Bands formed by moving averages
As we already saw in our previous article, we can create different types of bands that can be used in trading. The simplest is the moving average envelope with bands X-percent away from the main moving average. Chart 1 shows a 10-bar EMA with 1,5% bands.
Chart 1 – 10-period, 1.5% moving Average Bands green and red colours to highlight the direction of the leg
Normally, the start of a leg is pointed out by prices reaching or surpassing one of the bands. That usually agrees with a new shift in the slope of the moving average.
The bands here act as a kind of hysteresis for the price action. A safety zone where trades are forbidden.
We can do countless variations on this theme. We can change the period of the moving averages, make them simple, exponential or weighted, the distance of the bands moved wider or narrower. We, even, could favour the volatility in the direction of the trend by using asymmetric bands. For instance, in a bullish market, we could set the upper band to 0.5% and the lower one to 2%, so to hold on the pullbacks without our stops taken.
Envelopes on highs and lows
Since the breakout of highs and lows are very good trading methods, the idea of drawing a band using an average of the highs and one of the lows was not surprising, after all. The idea is the same: The early detection of a new price direction.
Chart 2 – Envelopes of highs and lows on the EURUSD 4H chart
A new upward trend is valid until the price does not close below the lower edge of the channel. The same holds true for a downward movement.
To examine if this entry method enhances the trading results over entries on a normal moving average breakout, Perry J. Kaufman did an analysis over a 10-year span, using both methods, in two rather different markets: Eurodollar interest rates and the S&P 500. His results are presented in table 1.
We can see that the HI-LOW bands are slightly inferior on the Eurodollar market, although the 40-period variant is quite similar. The opposite resulted in the S&P 500. Using a 40-period envelope Moving Average has turned a losing system on the S&P 500 into a winning one using periods over 20. Also, the 20-period variant has been greatly enhanced.
As a conclusion, bands can be a good entry method, but the trader needs to find out the right parameters for the market he tries to trade.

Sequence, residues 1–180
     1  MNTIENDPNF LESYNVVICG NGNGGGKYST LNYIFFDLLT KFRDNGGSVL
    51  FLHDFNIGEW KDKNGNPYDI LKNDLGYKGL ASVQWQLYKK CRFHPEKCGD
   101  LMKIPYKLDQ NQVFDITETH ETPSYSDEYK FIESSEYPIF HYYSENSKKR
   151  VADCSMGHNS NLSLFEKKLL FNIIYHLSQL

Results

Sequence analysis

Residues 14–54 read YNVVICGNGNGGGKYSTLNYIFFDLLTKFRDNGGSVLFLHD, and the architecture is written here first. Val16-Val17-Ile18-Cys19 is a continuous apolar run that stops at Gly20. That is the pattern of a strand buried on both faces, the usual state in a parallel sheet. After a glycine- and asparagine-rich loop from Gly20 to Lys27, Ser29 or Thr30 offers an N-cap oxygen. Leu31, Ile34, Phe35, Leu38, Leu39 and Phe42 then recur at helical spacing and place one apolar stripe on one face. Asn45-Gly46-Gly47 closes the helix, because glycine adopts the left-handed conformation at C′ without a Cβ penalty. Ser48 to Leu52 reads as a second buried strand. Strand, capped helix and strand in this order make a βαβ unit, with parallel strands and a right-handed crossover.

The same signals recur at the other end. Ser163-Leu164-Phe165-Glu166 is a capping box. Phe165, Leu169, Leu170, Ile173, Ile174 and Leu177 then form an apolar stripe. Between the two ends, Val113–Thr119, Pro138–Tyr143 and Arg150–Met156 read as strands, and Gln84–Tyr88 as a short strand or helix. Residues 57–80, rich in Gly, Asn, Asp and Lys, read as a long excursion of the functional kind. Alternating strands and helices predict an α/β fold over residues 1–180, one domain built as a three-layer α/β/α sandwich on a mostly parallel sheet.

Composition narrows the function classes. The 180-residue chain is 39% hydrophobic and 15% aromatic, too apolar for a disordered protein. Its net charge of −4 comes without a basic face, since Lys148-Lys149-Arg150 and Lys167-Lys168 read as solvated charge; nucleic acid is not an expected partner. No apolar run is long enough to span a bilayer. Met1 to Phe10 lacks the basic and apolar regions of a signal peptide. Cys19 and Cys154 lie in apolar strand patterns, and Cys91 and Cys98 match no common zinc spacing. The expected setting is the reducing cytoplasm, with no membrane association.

Chester Keltner was a very famous technical trader back in the 60ies. He described his 10-day moving average rule in his 1960 book How to Make Money in Commodities. This was a simple system that used a channel whose width was defined by the 10-day average of the trading range.
The rules to compute the lines delimiting the channel, as is done now is:
- define the Moving Average period n. Usually 20.
- define the average trading range period m. Usually 10.
- Set a multiplier q
- Compute the typical price: (high+low+close)/3
- Compute AR the n-period average of the typical price
- Compute MA the m-period average of the range
- Compute the upper and lower band lines by performing:
Upper line = qx AR + MA
Lower line = qx AR – MA
Chart 3 – 20-period Keltner Channels on the EURUSD 4H in the same segment than the previous charts
Buy when the price closes over the upper line and sell when it closes under the lower line.
Variations on the Keltner Bands
The Keltner system buys strength and sells weakness. Therefore it may result that, when the entry signal is triggered, the price has already progressed too much and It’s near overextended. Therefore, traders currently use a modified system more in tune with modern market behaviour.
- Instead of buying the crossing of the upper line, they sell it, and vice versa. The logic being to sell strength and buy weakness, because trading ranges are more common than large trends nowadays. The downside is not being prepared to catch an extended price movement.
- They may shorten the periods of the range and average.
- They use the system to assess trend direction and go to a shorter time frame for the entry signals. If the price crosses the upper line, signalling a bull market, the trader waits for the shorter time frame to hit the lower line of the Keltner channel.
Chart 4 – 10-period Keltner Channel on the EURUSD 4H chart showing the trading areas for long and short trades.
Chart 4 shows a strategy to trade Keltner bands using a 10-period moving average.
The slope of the moving average defines if the trend is up or down.
A Sell signal arises when the price touches the upper Keltner line, and the MA is pointing down (selling at resistance). A buy is open when the price hits the lower band, and the 10-period MA is pointing up (buy at support). The system forbids trading against the trend, avoiding reactive legs.
A short exit occurs if price crosses over the 10-period MA; while a crossing below it closes a long position.
In our next article, we will analyse one of the most successful systems around The Donchian Channels.
Computer analysis of the Futures Market, Lucas & LeBeau.
New Trading Systems and Methods, Perry Kaufman